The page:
In the early 1800s the artist, Goya, was present during the conflict between Napoleon and the Spanish partisans. He documented what he saw in a series of etchings called The Disasters of War. These are profoundly moving and profoundly horrifying images. The art historian, Robert Hughes calls them: The greatest anti-war manifesto in the history of art.
If Jung was on about anything, it was the primacy of the image. Though they depict scenes of unbearable cruelty and suffering, yet Goya, by now in his sixties and the most famous artist in Spain, shows us the pity and the humanity that lies beneath the horror, and thus, as only great art can do, opens us to the deepest strata of experience within ourselves.
Brendan McPhillips is a psychotherapist working in private practice in Sydney. He conceived a passion for Jung early in life after reading Dreams, Memories, Reflections, finding, for the first time, a language that matched his experience, which, until that time, had had no words.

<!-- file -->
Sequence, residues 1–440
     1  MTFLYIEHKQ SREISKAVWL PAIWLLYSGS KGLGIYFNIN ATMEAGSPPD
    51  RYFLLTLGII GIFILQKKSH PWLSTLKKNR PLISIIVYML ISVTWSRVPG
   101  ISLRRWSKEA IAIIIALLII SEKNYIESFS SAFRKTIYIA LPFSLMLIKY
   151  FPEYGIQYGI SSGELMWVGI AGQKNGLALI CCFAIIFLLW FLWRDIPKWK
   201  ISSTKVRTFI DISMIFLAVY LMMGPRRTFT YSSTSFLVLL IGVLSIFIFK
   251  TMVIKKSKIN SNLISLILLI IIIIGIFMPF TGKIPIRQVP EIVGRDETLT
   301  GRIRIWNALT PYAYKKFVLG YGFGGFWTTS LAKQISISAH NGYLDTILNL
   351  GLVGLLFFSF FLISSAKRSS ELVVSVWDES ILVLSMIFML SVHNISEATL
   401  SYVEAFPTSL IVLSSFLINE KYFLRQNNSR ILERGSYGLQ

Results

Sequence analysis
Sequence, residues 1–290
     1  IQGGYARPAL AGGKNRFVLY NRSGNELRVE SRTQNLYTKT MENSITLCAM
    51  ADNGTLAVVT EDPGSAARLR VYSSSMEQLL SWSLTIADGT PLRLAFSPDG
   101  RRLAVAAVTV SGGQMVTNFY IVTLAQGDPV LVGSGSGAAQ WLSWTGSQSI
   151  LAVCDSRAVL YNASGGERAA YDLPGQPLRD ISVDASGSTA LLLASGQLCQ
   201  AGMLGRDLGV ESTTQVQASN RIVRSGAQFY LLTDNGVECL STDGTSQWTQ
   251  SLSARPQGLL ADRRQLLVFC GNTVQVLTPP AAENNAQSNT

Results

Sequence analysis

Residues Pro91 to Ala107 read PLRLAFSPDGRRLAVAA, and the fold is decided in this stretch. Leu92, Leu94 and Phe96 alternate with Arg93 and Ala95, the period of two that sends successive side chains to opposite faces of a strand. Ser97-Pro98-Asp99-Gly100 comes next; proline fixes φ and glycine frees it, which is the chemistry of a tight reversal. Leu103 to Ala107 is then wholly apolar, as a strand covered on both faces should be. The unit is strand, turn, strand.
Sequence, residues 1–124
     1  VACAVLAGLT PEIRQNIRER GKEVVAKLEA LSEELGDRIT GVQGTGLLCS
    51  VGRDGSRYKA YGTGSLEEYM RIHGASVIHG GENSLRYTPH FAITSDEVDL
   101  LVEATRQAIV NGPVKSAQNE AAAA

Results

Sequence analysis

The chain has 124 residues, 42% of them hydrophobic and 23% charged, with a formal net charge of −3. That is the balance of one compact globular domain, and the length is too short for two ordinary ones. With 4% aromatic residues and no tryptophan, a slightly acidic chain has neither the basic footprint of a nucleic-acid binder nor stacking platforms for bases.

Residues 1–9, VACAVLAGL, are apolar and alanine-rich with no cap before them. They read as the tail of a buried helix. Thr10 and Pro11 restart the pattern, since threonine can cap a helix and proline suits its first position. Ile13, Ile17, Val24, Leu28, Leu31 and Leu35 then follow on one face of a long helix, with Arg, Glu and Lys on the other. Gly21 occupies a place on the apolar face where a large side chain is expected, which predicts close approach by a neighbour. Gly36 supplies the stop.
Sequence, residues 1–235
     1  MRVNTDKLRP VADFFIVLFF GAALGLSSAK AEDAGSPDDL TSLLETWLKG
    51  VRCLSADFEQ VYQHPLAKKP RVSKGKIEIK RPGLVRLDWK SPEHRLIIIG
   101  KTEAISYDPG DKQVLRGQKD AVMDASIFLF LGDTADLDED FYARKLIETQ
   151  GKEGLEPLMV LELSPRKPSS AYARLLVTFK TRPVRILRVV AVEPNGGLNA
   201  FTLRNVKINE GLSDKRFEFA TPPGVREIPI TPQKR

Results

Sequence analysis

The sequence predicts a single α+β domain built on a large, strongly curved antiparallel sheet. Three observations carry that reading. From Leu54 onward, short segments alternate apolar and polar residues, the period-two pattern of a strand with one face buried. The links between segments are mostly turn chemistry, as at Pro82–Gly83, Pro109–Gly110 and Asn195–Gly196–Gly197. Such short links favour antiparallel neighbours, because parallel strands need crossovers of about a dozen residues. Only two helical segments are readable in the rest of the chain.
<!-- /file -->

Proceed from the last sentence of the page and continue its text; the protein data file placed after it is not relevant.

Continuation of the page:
He has been a member of the Sydney Jung Society since 1983, and, in his work as a therapist, continues to be deeply influenced by Jung’s writings.
He has a love of history and music, and can also, at times, be seen wandering the streets of Haberfield attempting to practise his very bad Italian.
Date: 13 May 2016
Time: 7:00pm to 8:30pm
Venue: Mitchell theatre Level 1 Sydney Mechanics' School
of Arts, 280 Pitt St, Sydney
Cost: Members $15 Non-Members $25 Non-Member
*Psychotherapists and other practitioners can obtain credit for Professional Development hours recognised by CAPA, PACFA and ACA for this presentation.